Skip to Main Content

Strategic Business Insights (SBI) logo

Connected Homes July 2018 Viewpoints

Technology Analyst: Michael Gold

Managed Wi-Fi

Why is this topic significant?

An emerging category of connected-home services might yield substantial revenues for telecommunications carriers and their suppliers. At least one start-up will also sell its own subscription-based service directly to households.

Description

Recent announcements reveal service introductions, trials, and proposals to supply managed Wi-Fi services for homes. In some sense, cable and telephone companies already deliver managed Wi-Fi services, but the companies' responsibilities typically do not extend to providing whole-house coverage, updating router configurations to account for changing use patterns, and implementing best practices in cybersecurity for home networks. Separately, Bell Canada and Comcast have introduced whole-house Wi-Fi options during 2018, with help from start-up Plume, which received $37 million in investments from Comcast in 2017.

Additional service providers—Hong Kong Telecom, Liberty Global, Orange, Swisscom, and Telenor—are testing or trialing various premium Wi-Fi offerings, according to a March 2018 report by Rethink Research. Technology vendors are angling to partner with these and other service providers to enable managed Wi-Fi services in the home. Some representative suppliers in this market include AirTies, Eye Networks, SoftAtHome, Spot On Networks, and Zyxel. Another such vendor, XCellAir, was acquired by home-hot-spot specialist Fon in April 2018. Also, during June 2018, Plume started selling managed Wi-Fi services directly to households, regardless of a household's broadband-service provider. Current offers include a bundle of three routers for $199 plus a service fee that can be $60 per year or a lifetime subscription for $200.

In late 2016, XCellAir conducted a survey of US and UK residents' satisfaction with Wi-Fi and their willingness to pay for premium service. After extrapolating the survey results, the company claimed that managed Wi-Fi services worldwide have the potential to yield $3.3 billion per year in revenue.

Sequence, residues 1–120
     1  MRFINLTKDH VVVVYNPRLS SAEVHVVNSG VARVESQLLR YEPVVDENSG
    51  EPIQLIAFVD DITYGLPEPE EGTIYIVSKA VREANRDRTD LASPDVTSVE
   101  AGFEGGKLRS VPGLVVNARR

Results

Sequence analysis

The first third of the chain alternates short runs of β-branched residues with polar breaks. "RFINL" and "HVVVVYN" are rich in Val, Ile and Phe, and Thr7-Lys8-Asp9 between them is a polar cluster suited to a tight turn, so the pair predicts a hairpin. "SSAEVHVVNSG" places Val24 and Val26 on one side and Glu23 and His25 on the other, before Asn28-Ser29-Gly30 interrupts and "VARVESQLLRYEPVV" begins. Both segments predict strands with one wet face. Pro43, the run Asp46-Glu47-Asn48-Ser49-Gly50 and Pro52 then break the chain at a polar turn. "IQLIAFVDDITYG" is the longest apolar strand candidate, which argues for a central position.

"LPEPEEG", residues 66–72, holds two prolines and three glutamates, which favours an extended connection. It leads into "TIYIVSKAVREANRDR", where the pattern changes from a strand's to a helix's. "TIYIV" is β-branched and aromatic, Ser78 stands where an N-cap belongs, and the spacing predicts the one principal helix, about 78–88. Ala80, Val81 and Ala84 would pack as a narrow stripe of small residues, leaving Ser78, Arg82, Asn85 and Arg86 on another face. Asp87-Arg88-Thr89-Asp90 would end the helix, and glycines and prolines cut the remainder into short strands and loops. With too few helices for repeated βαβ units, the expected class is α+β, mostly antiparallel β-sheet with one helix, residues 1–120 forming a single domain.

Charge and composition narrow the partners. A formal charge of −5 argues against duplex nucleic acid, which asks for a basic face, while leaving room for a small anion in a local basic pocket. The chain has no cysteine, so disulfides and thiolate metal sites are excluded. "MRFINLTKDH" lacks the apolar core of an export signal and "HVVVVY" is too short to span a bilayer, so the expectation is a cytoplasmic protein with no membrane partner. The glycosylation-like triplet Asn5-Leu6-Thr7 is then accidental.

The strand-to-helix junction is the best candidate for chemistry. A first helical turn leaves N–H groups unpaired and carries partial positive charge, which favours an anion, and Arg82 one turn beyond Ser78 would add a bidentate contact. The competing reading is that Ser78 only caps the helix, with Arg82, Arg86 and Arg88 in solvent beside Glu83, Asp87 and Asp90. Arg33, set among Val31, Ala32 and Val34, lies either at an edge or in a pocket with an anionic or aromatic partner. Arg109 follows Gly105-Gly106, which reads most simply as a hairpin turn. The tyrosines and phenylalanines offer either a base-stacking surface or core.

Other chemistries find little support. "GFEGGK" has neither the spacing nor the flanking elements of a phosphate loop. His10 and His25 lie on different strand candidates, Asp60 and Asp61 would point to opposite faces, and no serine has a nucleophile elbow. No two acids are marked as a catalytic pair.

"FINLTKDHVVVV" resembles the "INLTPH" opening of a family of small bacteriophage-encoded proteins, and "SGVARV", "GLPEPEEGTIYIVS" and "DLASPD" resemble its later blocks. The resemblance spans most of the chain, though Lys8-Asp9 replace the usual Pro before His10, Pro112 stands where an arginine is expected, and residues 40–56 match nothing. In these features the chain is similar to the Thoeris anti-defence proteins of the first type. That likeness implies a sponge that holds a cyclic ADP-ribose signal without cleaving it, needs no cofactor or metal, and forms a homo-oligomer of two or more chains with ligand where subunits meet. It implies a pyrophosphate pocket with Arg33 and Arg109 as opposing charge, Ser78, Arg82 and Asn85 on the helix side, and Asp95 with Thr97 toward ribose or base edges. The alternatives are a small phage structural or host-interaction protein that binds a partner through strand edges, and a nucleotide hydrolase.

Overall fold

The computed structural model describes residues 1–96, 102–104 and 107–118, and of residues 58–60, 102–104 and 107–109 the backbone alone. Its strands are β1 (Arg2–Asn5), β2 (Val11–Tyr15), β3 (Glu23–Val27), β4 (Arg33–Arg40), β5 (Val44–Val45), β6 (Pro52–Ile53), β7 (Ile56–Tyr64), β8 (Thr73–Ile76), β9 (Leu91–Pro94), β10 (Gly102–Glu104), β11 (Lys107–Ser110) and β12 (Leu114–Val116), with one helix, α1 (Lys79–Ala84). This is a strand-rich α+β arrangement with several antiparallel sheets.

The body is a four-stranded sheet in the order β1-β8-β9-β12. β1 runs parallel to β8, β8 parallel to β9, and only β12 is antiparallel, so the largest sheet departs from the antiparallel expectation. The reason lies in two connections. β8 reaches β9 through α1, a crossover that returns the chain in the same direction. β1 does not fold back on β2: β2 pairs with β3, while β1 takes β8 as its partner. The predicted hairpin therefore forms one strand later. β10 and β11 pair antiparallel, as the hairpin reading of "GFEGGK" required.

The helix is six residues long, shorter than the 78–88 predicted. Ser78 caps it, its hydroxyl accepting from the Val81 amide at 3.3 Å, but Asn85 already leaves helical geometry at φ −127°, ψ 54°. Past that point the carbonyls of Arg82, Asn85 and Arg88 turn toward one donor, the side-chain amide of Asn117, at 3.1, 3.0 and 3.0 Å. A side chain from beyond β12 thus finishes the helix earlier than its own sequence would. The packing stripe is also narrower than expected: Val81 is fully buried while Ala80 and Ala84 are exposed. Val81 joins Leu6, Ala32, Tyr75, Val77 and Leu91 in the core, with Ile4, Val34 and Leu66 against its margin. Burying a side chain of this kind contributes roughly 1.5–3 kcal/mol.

Implications

Not everyone needs multiple routers in the home or has problems with Wi-Fi, so the motivation to pay extra for managed Wi-Fi services may seem mysterious. But consider that many businesses rely on managed services to configure and maintain routers. Why would people living in normal-size apartments and other houses do likewise and pay someone to manage their Wi-Fi network? Radio fog can change as tenants and tract-home neighbors move and acquire new equipment and apps. New residences with concrete walls can have good sound-insulation and structural properties at the cost of poor radio-signal propagation. Many old structures have plaster with extensive metal-mesh reinforcement that impedes wireless signals. Routers might be able to transmit through two walls to a handheld device; but that device, with its batteries and power limitations, might not be able to reciprocate. Typical users seem unlikely to learn the fine points of Wi-Fi channel selection, signal-strength settings, security-related settings, prioritization rules, and other router-configuration options. Although outcomes are uncertain, managed Wi-Fi might solve many of these problems.